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Convictions, Incarceration, and Earnings in an Event Studies Framework

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Thursday, March 28, 2024
12:00 pm - 1:15 pm
Brittany Street - University of Missouri
DUPRI Seminar Series

There is compelling evidence that convictions and incarceration have negative impacts on labor market outcomes. But research also shows that offenders have relatively low levels of human capital even before any contact with the justice system. Thus, accurately characterizing an offender's employment profile and the plausible impact of the justice system has been challenging due to this population's non-trivial involvement in both formal and informal sectors and the non-linear relationship between criminal justice involvement and economic outcomes (e.g. the first criminal record playing a critical role in life-long employment outcomes). We use high-quality longitudinal criminal justice records through CJARS integrated with extensive labor market data (IRS W-2s and ACS self-reported work) to examine the effect of criminal justice interactions on labor market outcomes in an event study framework. Employment and earnings are tracked in both formal administrative as well as self-reported employment status in survey responses, providing an opportunity to identify informality and its implications. In this research, we highlight the importance of periodicity of criminal justice events and the role of shifts to informal employment, particularly when using event studies and administrative data.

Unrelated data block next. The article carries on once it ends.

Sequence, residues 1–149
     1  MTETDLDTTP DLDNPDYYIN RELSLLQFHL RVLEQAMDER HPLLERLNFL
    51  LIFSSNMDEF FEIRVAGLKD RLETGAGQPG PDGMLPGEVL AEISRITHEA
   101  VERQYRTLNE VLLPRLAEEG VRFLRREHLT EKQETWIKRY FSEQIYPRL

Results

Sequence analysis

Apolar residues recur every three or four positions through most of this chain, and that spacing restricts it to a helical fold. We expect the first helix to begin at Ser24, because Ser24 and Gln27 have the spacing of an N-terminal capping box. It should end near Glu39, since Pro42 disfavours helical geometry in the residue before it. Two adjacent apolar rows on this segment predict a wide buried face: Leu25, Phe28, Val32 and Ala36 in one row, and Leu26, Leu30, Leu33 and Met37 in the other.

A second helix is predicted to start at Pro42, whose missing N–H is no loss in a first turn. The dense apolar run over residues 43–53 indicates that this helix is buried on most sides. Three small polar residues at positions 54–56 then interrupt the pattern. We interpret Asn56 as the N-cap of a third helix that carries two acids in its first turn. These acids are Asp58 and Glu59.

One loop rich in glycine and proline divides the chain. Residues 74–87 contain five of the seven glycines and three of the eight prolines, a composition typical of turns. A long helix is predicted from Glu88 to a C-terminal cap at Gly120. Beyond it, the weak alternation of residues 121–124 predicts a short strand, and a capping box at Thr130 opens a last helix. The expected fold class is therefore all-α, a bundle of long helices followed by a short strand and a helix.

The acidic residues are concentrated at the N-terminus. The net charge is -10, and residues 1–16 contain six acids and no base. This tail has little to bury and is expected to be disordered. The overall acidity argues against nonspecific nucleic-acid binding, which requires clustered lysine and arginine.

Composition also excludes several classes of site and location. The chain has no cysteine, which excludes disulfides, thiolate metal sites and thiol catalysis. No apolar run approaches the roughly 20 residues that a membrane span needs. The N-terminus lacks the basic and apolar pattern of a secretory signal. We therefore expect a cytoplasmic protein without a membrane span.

Contact: Linda Simpson